Chapter 25 Urinary System

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					Chapter 25 Urinary System Urinary System Organs (picture in text) Ureters  Slender tubes that convey urine from the kidneys to the bladder  Ureters enter the base of the bladder through the posterior wall  This closes their distal ends as bladder pressure increases and prevents backflow of urine into the ureters Urinary Bladder  Smooth, collapsible, muscular sac that stores urine  Males – prostate gland surrounds the neck inferiorly  Females – anterior to the vagina and uterus Urinary Bladder  The bladder wall has three layers  Transitional epithelial mucosa  A thick muscular layer  A fibrous adventitia  The bladder is distensible and collapses when empty  As urine accumulates, the bladder expands without significant rise in internal pressure Urethra  Sphincters keep the urethra closed when urine is not being passed  Internal urethral sphincter – involuntary sphincter at the bladder-urethra junction  External urethral sphincter – voluntary sphincter surrounding the urethra as it passes through the urogenital diaphragm  Levator ani muscle – voluntary urethral sphincter  The female urethra is tightly bound to the anterior vaginal wall  Its external opening lies anterior to the vaginal opening and posterior to the clitoris  The male urethra has three named regions  Prostatic urethra – runs within the prostate gland  Membranous urethra – runs through the urogenital diaphragm  Spongy (penile) urethra – passes through the penis and opens via the external urethral orifice Micturition (Voiding or Urination)  The act of emptying the bladder  Distension of bladder walls initiates spinal reflexes that:  Stimulate contraction of the external urethral sphincter  Inhibit the detrusor muscle and internal sphincter (temporarily)  Voiding reflexes:  Stimulate the detrusor muscle to contract

 Inhibit the internal and external sphincters Physical Characteristics of Urine  Color and transparency  Clear, pale to deep yellow (due to urochrome)  Concentrated urine has a deeper yellow color  Drugs, vitamin supplements, and diet can change the color of urine  Cloudy urine may indicate infection of the urinary tract  Odor  Fresh urine is slightly aromatic  Standing urine develops an ammonia odor  Some drugs and vegetables (asparagus) alter the usual odor  pH  Slightly acidic (pH 6) with a range of 4.5 to 8.0  Diet can alter pH  Specific gravity  Ranges from 1.001 to 1.035  Is dependent on solute concentration Chemical Composition of Urine  Urine is 95% water and 5% solutes  Nitrogenous wastes: urea, uric acid, and creatinine  Other normal solutes include:  Sodium, potassium, phosphate, and sulfate ions  Calcium, magnesium, and bicarbonate ions  Abnormally high concentrations of any urinary constituents may indicate pathology Kidney Functions  Filter 200 liters of blood daily, allowing toxins, metabolic wastes, and excess ions to leave the body in urine  Regulate volume and chemical makeup of the blood  Maintain the proper balance between water and salts, and acids and bases  Gluconeogenesis during prolonged fasting  Production of rennin to help regulate blood pressure and erythropoietin to stimulate RBC production  Activation of vitamin D Internal Anatomy Cortex – the light colored, granular superficial region  Medulla – exhibits cone-shaped medullary (renal) pyramids separated by columns  The medullary pyramid and its surrounding capsule constitute a lobe  Renal pelvis – flat funnel shaped tube lateral to the hilus within the renal sinus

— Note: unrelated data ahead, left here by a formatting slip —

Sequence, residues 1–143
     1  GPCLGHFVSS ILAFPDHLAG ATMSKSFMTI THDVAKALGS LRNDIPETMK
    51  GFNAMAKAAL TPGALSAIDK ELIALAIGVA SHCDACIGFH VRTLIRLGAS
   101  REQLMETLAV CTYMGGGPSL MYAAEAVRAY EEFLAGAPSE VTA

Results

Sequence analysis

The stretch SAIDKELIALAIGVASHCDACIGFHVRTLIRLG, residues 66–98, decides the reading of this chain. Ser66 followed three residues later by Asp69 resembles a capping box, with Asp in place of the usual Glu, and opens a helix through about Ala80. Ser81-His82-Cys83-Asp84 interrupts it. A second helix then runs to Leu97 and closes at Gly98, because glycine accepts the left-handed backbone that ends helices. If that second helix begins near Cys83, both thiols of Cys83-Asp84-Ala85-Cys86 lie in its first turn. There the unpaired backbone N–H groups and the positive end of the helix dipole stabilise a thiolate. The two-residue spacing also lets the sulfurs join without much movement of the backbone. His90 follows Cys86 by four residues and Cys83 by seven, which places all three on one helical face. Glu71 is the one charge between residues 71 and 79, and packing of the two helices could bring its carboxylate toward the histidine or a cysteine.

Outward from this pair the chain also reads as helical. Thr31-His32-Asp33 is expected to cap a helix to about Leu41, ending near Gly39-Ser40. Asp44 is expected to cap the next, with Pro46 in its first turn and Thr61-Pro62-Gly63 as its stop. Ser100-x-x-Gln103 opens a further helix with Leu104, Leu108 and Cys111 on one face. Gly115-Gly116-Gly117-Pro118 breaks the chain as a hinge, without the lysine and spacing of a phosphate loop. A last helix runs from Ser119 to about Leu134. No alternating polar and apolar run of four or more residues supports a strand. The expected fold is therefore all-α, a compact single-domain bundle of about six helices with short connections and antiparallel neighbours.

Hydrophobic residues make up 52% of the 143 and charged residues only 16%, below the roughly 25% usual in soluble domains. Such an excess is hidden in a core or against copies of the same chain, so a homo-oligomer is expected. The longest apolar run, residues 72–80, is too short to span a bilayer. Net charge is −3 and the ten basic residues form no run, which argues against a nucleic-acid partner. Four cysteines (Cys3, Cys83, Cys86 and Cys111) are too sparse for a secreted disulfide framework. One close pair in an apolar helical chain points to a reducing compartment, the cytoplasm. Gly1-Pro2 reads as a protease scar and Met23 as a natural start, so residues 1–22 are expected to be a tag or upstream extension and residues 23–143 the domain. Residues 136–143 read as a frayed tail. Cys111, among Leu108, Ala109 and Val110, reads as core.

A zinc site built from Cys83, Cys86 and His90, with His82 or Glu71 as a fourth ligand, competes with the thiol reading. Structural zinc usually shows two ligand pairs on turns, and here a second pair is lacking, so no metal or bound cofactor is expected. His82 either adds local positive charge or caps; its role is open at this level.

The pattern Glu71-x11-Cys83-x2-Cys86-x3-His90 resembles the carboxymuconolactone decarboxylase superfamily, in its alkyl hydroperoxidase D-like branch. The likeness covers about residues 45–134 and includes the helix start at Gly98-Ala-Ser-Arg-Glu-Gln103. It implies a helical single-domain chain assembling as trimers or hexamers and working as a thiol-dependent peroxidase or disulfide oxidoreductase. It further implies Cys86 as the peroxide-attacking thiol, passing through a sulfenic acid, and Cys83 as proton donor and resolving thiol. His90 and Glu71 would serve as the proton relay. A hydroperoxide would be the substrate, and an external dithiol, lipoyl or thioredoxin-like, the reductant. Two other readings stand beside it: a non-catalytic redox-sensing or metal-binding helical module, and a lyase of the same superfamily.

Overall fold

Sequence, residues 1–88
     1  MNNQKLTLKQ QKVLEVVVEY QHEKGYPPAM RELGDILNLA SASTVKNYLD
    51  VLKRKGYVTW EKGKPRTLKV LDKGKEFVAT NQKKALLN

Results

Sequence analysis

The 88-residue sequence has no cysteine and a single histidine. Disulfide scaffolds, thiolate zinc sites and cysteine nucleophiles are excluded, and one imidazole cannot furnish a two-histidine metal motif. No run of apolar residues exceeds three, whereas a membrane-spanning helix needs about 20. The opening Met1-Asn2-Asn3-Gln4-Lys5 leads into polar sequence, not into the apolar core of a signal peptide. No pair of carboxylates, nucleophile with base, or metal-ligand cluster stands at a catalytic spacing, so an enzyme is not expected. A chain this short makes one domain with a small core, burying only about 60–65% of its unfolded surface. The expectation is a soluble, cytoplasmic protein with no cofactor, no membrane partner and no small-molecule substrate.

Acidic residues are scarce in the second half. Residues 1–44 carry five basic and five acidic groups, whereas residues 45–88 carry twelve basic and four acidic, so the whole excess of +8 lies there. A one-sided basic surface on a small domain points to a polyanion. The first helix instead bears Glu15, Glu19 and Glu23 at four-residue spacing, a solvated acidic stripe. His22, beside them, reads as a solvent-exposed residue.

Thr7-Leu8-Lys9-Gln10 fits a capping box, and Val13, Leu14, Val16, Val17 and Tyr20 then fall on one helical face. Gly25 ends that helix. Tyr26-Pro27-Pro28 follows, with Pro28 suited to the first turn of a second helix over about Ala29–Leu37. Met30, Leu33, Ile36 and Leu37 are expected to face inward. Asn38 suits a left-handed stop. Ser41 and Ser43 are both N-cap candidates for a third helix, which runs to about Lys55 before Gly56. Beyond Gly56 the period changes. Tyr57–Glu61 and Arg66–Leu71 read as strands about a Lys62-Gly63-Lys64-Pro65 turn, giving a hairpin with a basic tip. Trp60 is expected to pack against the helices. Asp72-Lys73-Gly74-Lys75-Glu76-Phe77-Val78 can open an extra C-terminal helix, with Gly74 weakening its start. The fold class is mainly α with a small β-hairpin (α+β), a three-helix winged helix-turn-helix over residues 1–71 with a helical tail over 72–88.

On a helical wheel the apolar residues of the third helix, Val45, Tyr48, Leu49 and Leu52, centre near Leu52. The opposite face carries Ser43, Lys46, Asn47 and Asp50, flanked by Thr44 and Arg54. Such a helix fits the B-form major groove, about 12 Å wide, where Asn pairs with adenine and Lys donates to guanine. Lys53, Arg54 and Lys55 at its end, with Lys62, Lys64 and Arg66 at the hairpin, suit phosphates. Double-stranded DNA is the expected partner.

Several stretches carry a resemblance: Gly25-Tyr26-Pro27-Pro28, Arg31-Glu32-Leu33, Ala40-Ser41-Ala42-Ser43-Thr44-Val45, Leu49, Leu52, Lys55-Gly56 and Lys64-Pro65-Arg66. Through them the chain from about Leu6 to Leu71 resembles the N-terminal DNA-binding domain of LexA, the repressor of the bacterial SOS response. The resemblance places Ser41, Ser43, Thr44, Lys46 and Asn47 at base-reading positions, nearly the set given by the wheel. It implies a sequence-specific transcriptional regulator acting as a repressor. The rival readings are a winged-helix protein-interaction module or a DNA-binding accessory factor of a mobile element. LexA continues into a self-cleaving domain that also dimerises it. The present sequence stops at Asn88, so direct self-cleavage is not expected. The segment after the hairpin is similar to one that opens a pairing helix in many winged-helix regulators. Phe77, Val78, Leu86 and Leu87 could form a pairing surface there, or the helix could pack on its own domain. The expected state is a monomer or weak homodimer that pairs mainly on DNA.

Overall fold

Internal Anatomy  Major calyces – large branches of the renal pelvis  Collect urine draining from papillae  Empty urine into the pelvis  Urine flows through the pelvis and ureters to the bladder Blood and Nerve Supply  Approximately one-fourth (1200 ml) of systemic cardiac output flows through the kidneys each minute The Nephron  Nephrons are the structural and functional units that form urine, consisting of:  Glomerulus – a tuft of capillaries associated with a renal tubule  Glomerular (Bowman’s) capsule – blind, cup-shaped end of a renal tubule that completely surrounds the glomerulus  Renal corpuscle – the glomerulus and its Bowman’s capsule  Glomerular endothelium – fenestrated epithelium that allows solute-rich, virtually protein-free filtrate to pass from the blood into the glomerular capsule Capillary Beds of the Nephron  Every nephron has two capillary beds  Glomerulus  Peritubular capillaries  Each glomerulus is:  Fed by an afferent arteriole  Drained by an efferent arteriole Anatomy of the Glomerular Capsule  The visceral layer consists of modified, branching epithelial podocytes  Extensions of the octopus-like podocytes terminate in foot processes  Filtration slits – openings between the foot processes that allow filtrate to pass into the capsular space Renal Tubule  Proximal convoluted tubule (PCT) – composed of cuboidal cells with numerous microvilli and mitochondria  Reabsorbs water and solutes from filtrate and secretes substances into it  Loop of Henle – a hairpin-shaped loop of the renal tubule  Proximal part is similar to the proximal convoluted tubule  Proximal part is followed by the thin segment (simple squamous cells) and the thick segment (cuboidal to columnar cells)  Distal convoluted tubule (DCT) – cuboidal cells without microvilli that function more in secretion than reabsorption